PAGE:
15 North Road,
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The Regal Cinema opened on North Road, Durham in March 1934. It later became the Essoldo, then changed to Classic Cinema which was bought by Cannon Cinemas and operated using the Cannon name until it’s closure in 1990.
Robins Cinemas reopened the cinema in 1991 and it continued to operate until 2003 when the cinema was forced to close to make way for a new bar.
The cinema originally had one screen and 1,090 seats. During the 1970’s under Cannon ownership it was converted to a twin screen cinema, then when Robins took over the upstairs screen was divided into two screens and the larger downstairs screen had a small 66 seat screen cut out of it, making it a four screen multiplex. The screen one seated 316, the upstairs screens each seated 96 and the smallest screen seated 66. Robins did have plans to create a screen five using the disused third floor of the building but as it would only seat around 50 people it was not financially viable.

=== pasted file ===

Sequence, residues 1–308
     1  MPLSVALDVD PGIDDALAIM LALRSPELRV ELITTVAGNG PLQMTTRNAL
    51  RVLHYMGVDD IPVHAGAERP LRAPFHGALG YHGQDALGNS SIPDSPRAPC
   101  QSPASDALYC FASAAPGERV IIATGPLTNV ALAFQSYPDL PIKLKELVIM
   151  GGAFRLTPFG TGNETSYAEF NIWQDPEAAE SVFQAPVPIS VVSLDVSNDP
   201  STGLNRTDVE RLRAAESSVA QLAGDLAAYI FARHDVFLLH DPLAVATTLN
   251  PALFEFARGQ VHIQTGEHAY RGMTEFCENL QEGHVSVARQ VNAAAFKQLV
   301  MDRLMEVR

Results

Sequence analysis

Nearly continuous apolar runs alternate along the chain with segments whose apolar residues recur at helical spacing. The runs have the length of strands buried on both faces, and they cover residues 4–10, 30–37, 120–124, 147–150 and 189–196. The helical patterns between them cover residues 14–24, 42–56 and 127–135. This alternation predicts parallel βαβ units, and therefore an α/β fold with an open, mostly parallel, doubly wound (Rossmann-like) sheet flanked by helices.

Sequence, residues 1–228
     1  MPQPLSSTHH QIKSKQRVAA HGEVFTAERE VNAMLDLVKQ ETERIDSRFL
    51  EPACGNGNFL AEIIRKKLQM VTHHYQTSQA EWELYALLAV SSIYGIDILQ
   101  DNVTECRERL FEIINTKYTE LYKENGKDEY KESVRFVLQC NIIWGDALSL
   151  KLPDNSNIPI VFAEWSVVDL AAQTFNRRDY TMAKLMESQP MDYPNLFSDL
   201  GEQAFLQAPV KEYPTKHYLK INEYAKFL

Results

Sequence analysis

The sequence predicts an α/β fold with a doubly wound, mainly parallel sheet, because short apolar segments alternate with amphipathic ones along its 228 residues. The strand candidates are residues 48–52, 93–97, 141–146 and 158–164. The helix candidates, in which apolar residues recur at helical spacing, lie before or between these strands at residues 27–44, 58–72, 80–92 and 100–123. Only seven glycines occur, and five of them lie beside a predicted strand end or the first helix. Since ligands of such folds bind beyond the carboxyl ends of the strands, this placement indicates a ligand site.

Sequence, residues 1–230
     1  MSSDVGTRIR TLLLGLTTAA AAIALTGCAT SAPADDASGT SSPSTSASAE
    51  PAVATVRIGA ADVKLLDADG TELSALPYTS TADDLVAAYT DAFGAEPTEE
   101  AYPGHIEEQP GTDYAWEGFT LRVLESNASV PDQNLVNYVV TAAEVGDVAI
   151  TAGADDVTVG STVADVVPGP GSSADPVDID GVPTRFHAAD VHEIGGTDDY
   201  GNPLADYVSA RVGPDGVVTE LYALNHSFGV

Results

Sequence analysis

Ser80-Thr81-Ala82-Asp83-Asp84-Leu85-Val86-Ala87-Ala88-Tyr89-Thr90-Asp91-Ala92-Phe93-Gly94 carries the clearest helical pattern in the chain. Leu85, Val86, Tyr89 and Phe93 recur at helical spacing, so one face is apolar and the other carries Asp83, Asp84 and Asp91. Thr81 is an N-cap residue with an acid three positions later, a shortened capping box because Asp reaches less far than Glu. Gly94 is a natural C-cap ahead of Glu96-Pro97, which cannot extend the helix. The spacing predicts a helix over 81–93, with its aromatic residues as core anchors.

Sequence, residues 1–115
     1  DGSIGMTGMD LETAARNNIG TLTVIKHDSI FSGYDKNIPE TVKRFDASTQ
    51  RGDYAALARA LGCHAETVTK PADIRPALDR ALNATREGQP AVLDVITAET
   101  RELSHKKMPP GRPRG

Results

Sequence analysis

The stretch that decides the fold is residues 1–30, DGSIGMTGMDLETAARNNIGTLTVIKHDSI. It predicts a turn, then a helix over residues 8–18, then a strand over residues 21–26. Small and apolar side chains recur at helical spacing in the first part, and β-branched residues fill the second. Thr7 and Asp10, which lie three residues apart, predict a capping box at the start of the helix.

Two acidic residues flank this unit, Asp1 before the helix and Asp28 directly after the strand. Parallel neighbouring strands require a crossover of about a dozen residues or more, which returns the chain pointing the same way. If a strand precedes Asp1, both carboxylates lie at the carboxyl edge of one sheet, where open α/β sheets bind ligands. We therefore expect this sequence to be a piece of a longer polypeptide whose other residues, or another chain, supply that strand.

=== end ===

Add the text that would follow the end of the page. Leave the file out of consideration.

Many of the cinema’s Art Deco style features remained intact, many of them hidden away in parts of the cinema which had been disused from wayback. In a bid to “modernise” the cinema in the 1970’s, many of the decorative features were painted out to make them blend in rather than stand out, on close inspection most of the detail was still visible.
Following a tough couple of years for Robins Cinemas Ltd., the chain went into receivership in 1997, closing all but three of it’s cinemas. Robins Bath, Camberley and Durham were bought back by the company’s owners as they proved the most profitable.
The company also owns the Prince Charles Cinema in London’s West End. Robins expansion thrived on the demise of Cannon Cinemas buying up ex-Cannon buildings across the country. All Robins buildings were ex-Cannon Cinemas. In 1998, plans were announced for a new multiplex in Durham, so Robins took the decision not to take out a long term lease. Nothing came of the multiplex plans but the building’s owner sought a new occupant, a Walkabout Australian Bar.
Following a court battle and several years of uncertainty, the cinema was finally forced to close in January 2003 to make way for the new bar, losing all it’s historic features and decor. In early-2010, it was fitted out to become a live music venue, with a seating capacity for 800.
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